• boneless, skinless chicken breasts marinaded in a little bit of olive oil, the juice and zest of one lemon, 1 tsp salt, 1 tsp black pepper, parsley. I gotta admit, the chicken was super-moist, but I didn’t care for the marinade. I don’t think I like grilled lemon chicken. Next time, I’d just keep it traditional and stick with a good BBQ sauce.
  • I was going to grill the peaches I got at the Farmer’s Market and glaze them in a simple brown sugar/vanilla vodka combo, but they weren’t ripe yet.

Sides (pics  & recipes for the dishes I made are at the end of the post):

  • summer corn salad (adapted from this Ina Garten recipe)
  • green bean/potato salad (courtesy of Weight Watchers)
  • Caprese pasta salad
  • tossed salad (brought by friends–topped with feta)
  • homemade balsamic vinaigrette
  • multigrain tortilla chips with homemade salsa and guac (brought by friends)
  • I also wanted to make a tomato tart, but I ran out of basil and realized we had more than enough food.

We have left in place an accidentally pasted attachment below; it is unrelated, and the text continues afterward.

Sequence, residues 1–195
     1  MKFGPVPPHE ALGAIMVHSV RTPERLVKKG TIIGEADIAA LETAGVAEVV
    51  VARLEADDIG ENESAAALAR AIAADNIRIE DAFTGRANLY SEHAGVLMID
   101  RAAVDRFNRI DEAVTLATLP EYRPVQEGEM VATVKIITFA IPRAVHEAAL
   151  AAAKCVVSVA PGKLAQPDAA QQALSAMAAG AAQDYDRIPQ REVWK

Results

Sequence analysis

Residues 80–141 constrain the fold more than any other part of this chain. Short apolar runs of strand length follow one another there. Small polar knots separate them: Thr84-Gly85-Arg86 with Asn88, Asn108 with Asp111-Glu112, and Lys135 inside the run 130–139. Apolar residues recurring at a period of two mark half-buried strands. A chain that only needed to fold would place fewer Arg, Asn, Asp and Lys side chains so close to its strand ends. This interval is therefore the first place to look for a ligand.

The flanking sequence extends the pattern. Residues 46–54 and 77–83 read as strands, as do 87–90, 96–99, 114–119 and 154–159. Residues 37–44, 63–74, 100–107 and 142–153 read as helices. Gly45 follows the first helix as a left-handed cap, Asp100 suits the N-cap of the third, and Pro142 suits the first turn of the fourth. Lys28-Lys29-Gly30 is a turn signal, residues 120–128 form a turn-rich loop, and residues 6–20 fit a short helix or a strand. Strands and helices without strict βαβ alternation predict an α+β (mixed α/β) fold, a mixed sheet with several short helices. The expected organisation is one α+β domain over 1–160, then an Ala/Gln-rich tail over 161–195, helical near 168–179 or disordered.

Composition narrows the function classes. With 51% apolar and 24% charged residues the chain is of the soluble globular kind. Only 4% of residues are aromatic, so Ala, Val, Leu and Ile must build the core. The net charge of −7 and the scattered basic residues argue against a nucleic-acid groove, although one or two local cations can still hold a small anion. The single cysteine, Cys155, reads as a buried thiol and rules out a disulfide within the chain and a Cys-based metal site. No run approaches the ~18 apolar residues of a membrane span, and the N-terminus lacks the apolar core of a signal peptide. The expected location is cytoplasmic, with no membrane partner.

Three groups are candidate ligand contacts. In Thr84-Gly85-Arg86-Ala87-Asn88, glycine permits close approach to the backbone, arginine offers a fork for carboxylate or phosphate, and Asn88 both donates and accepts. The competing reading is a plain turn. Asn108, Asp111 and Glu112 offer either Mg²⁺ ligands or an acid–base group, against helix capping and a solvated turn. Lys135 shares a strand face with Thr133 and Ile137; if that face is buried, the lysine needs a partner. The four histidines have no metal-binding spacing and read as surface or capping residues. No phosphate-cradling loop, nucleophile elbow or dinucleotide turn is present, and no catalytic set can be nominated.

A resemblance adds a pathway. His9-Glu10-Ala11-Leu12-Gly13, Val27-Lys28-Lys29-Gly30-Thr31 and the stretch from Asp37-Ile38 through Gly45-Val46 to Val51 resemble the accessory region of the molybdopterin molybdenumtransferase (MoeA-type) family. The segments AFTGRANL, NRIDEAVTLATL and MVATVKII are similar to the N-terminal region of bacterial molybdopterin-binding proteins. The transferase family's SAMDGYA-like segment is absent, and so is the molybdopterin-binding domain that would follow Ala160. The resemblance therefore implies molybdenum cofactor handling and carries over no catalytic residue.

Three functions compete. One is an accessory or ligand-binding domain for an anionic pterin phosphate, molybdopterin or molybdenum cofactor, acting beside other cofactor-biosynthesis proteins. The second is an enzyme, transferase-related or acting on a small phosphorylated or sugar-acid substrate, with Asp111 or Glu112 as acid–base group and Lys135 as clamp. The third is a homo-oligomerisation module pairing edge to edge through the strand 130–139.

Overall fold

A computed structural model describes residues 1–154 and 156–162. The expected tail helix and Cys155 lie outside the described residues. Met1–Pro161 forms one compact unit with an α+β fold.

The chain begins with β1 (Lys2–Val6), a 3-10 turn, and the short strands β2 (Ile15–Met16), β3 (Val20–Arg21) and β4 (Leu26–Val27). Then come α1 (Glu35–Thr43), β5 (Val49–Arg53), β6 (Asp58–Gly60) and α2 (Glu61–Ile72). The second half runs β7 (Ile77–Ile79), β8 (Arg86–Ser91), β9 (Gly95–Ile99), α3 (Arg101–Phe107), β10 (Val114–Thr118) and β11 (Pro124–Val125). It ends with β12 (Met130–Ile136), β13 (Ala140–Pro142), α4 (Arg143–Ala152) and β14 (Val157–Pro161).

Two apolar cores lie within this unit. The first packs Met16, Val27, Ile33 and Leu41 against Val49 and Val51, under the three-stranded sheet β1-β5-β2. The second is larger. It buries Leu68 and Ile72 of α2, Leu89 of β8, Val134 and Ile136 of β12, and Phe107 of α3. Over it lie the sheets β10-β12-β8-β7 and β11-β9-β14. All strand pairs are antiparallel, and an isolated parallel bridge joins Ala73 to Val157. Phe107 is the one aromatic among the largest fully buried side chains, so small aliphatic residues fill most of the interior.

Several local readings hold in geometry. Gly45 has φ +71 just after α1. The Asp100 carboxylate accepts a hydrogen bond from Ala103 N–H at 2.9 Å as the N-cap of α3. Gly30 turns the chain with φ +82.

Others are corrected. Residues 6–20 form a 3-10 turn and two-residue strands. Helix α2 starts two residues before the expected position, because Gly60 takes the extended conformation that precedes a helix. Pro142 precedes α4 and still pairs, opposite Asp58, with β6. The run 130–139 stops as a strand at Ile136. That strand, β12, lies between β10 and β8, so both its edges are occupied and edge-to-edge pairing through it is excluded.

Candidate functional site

Drinks & Dessert:

  • Crystal Light
  • Diet 7-Up
  • Water
  • an assortment of beer (including light beers)
  • Chocolate Zucchini cake topped with Halo Farms Ice Cream (Tahitian Vanilla and Plain M&M). This time I skipped the frosting on the cake and baked it in a 13×9 inch pan. It was easier to cut, lower in calories, and the cake went further.

Balsamic Dressing

I got this recipe from a friend of Evan’s. Jillian brought a big salad with field greens, dried cherries and Craisins and this amazing dressing to a game night Evan hosted. I’ve never seen Evan eat so much salad, and I’ve never enjoyed such a simple salad more than I did this one. The dressing isn’t low calorie, but it’s full of flavor (so you don’t need as much) and it lacks the preservatives and other chemicals bottled, store-bought dressings typically have. This would also be a good topping or marinade for grilled chicken.

  • 1/4 c. honey
  • 1/4 c. dijon mustard (I use a whole grain, but it doesn’t really matter)